Sometime (perhaps in another thread) I’d be interested in learning how Jews interpret the following scriptures:

    1. Genesis 3
    2. Psalms 14 & 53 (esp. vs. 2-3)
    3. Ecclesiastes 7:20
    4. Psalm 51:5

    I am certain there are more like it, but these are representative of Old Testament connections made by New Testament Christians related to sin nature and depravity.  Thanks.

    • #11
  12. Justin Other Lawyer Coolidge
    Justin Other Lawyer
    @DouglasMyers

    Red Herring (View Comment):

    I believe those who kill without remorse and even for pleasure should be dispatched from this world as quickly as humanely possible. No more life in prison. Society needs to send the message that such people deserve nothing less.

    As a Christian, I agree with you and happen to believe it’s one of the most Christian things to do.  But that’s a whole ‘nother post…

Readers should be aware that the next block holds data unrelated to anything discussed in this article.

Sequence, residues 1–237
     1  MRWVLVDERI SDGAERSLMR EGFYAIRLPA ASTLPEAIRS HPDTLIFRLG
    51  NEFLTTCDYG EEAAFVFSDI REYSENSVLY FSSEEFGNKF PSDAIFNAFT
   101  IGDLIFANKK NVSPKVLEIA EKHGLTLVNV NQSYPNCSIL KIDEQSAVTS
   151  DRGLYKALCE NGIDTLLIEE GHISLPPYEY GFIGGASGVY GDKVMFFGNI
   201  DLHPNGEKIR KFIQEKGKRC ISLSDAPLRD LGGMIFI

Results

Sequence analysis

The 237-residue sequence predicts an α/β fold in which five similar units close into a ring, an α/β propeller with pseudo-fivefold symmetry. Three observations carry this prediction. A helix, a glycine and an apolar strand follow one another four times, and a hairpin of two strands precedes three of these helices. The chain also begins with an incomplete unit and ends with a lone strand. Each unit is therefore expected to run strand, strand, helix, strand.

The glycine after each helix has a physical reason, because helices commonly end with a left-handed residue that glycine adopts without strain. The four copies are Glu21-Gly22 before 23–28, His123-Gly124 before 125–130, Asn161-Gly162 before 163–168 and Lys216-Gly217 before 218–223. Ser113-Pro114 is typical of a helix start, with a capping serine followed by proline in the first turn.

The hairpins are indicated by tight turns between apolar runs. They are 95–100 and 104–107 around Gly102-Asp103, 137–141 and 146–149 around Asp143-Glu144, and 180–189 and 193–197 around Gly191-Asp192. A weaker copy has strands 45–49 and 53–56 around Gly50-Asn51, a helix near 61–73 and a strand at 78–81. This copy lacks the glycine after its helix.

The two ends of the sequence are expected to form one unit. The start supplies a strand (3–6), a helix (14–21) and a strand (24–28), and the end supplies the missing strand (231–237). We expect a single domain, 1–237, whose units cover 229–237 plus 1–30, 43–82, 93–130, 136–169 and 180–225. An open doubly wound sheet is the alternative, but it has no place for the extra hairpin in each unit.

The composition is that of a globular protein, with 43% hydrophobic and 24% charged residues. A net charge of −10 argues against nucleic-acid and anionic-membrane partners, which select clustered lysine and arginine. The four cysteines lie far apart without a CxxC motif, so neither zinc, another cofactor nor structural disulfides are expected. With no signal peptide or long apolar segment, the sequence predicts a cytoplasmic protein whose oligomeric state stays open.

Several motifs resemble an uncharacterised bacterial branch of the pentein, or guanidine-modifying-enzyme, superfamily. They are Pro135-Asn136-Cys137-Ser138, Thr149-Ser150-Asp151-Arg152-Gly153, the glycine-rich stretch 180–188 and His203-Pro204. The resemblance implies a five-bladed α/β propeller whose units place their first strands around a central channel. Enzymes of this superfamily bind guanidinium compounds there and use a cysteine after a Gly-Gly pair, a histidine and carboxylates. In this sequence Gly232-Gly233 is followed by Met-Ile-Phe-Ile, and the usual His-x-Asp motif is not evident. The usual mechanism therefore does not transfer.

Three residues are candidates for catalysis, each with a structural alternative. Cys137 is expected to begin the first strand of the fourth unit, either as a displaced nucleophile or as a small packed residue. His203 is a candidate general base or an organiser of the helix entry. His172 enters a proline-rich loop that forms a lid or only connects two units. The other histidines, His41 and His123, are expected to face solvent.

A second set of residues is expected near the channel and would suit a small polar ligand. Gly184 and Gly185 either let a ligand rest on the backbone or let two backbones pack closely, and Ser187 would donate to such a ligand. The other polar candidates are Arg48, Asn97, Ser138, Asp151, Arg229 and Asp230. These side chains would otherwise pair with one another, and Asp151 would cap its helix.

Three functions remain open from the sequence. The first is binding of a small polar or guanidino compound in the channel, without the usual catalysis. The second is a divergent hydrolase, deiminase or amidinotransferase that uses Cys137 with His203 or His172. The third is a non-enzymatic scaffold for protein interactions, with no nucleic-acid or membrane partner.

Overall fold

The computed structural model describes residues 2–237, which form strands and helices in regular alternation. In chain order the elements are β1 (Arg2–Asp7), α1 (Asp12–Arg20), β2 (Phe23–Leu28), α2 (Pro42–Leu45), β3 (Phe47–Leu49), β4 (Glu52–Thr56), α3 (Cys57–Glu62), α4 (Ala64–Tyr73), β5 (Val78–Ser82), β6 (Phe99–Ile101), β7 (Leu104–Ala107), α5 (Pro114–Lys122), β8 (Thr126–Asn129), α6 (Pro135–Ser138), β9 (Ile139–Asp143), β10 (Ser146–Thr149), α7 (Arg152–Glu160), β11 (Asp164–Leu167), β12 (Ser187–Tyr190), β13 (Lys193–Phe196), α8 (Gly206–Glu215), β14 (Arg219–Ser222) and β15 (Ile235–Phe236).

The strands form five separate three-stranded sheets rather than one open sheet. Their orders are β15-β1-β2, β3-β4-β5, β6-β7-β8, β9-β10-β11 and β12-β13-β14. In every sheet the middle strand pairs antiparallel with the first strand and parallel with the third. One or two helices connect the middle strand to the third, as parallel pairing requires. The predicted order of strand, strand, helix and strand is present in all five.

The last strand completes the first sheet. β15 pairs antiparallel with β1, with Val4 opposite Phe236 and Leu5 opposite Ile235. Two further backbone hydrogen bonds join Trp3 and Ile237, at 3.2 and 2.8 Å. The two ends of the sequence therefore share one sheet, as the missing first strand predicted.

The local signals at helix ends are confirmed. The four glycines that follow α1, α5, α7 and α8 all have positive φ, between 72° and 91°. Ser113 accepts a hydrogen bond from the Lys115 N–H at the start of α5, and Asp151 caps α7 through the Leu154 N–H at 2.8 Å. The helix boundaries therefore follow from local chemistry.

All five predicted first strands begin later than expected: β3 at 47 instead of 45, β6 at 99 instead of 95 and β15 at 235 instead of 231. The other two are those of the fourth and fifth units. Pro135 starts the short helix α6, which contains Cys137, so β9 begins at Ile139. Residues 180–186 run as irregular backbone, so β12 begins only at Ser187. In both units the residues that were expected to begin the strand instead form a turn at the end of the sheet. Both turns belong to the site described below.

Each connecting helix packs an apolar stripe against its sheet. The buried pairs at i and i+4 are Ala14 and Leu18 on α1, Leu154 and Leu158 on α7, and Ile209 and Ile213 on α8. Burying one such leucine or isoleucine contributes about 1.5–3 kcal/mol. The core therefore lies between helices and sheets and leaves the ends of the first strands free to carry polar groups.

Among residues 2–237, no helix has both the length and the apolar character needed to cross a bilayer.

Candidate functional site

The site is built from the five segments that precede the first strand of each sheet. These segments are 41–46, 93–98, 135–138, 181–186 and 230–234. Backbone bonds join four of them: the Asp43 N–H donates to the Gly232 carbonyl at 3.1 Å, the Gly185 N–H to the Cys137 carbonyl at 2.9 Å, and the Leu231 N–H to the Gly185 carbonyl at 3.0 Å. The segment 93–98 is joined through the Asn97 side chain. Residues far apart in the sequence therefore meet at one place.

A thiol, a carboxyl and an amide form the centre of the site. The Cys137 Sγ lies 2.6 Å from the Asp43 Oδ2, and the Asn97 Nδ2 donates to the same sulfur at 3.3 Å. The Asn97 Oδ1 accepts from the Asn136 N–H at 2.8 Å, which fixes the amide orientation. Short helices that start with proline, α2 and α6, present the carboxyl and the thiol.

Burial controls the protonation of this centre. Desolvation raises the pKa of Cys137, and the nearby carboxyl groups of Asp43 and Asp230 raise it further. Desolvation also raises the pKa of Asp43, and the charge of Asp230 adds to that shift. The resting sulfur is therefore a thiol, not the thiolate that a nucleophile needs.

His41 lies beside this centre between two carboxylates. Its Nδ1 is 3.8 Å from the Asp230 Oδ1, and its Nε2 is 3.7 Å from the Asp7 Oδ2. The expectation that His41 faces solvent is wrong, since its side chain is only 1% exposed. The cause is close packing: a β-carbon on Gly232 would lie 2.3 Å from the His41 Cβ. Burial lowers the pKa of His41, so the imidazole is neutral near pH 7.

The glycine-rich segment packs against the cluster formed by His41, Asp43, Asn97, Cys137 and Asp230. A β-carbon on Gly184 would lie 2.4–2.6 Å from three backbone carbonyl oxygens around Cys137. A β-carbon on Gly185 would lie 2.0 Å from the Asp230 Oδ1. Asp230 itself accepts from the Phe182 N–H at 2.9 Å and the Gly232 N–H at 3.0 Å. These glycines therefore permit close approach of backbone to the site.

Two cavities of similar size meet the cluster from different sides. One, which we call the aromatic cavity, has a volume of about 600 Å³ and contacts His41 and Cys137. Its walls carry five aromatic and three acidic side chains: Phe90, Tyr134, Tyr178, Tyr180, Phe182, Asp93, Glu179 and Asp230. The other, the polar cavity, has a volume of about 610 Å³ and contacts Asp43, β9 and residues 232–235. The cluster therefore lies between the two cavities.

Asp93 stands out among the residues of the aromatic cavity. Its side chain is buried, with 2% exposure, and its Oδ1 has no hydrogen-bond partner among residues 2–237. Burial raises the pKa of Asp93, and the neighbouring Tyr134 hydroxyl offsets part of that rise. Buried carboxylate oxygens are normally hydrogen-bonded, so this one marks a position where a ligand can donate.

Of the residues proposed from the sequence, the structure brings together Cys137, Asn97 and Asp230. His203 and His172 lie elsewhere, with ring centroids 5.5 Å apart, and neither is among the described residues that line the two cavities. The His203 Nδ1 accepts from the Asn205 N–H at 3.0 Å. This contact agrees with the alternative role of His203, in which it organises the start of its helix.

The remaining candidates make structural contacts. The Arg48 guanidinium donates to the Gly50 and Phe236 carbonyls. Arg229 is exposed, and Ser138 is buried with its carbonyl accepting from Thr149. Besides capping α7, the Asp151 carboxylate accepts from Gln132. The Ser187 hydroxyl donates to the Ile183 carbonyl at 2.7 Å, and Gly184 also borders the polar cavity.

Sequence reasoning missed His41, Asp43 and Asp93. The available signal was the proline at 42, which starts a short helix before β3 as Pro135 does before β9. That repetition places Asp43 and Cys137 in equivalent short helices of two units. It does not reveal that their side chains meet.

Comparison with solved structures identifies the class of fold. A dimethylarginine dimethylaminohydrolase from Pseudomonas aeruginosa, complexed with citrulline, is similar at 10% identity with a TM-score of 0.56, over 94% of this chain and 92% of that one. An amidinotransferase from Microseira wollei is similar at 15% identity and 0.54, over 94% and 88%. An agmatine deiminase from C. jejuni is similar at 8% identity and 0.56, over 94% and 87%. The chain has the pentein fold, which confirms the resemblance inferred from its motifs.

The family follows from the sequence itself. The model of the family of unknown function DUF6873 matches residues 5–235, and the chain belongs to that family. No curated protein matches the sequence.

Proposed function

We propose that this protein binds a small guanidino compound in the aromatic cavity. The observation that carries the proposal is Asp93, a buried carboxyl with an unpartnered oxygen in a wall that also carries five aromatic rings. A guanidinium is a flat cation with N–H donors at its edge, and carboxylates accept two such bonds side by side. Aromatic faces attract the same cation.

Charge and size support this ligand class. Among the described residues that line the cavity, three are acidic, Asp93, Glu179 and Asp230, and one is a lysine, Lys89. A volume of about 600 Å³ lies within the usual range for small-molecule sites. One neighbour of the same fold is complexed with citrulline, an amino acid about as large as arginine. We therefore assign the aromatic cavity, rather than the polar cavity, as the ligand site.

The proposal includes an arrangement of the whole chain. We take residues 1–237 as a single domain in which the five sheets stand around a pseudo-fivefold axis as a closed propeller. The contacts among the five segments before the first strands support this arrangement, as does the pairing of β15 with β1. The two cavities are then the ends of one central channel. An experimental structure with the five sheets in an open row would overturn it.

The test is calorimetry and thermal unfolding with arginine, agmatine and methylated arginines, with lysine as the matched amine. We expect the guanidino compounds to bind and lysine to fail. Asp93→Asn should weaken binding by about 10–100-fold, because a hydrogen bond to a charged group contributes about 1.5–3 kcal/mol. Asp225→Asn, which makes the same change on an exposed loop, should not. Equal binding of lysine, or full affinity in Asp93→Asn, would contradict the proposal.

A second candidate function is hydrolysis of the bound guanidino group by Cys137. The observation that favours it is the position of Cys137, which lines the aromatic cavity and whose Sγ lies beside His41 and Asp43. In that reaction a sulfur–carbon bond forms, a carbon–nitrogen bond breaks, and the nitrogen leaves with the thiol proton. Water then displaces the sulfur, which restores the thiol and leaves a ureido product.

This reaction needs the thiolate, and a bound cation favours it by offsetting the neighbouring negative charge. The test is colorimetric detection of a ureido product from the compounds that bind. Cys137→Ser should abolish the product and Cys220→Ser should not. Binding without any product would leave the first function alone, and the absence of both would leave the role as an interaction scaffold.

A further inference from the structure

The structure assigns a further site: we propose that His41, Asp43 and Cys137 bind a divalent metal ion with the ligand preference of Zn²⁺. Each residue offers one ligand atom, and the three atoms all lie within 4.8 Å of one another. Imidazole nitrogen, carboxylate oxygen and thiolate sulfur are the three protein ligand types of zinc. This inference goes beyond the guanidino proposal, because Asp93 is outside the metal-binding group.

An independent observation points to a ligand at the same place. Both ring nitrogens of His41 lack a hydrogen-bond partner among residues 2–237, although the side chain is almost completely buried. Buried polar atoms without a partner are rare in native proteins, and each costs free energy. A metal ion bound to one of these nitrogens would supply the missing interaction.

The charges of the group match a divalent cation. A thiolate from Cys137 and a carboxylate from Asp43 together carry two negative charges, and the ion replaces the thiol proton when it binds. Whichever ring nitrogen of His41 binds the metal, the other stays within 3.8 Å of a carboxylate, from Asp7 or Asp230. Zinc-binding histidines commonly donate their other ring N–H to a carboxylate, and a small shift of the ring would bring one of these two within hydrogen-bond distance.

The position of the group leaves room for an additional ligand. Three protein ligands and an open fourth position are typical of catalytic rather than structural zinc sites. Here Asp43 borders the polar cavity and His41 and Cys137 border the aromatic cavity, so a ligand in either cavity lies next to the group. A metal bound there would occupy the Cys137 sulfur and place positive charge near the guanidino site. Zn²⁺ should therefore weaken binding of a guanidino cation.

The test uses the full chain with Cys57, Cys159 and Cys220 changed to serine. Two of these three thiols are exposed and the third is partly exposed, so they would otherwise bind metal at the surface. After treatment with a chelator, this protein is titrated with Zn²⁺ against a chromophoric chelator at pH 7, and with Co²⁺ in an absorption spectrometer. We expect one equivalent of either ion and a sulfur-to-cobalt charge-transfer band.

• #12
  13. Susan Quinn Contributor
    Susan Quinn
    @SusanQuinn

    Justin Other Lawyer (View Comment):

    This is interesting to me.  I had thought Jews and Christians held in common the doctrines of original sin resulting in human depravity.

    Sometime (perhaps in another thread) I’d be interested in learning how Jews interpret the following scriptures:

    1. Genesis 3
    2. Psalms 14 & 53 (esp. vs. 2-3)
    3. Ecclesiastes 7:20
    4. Psalm 51:5

    I am certain there are more like it, but these are representative of Old Testament connections made by New Testament Christians related to sin nature and depravity.  Thanks.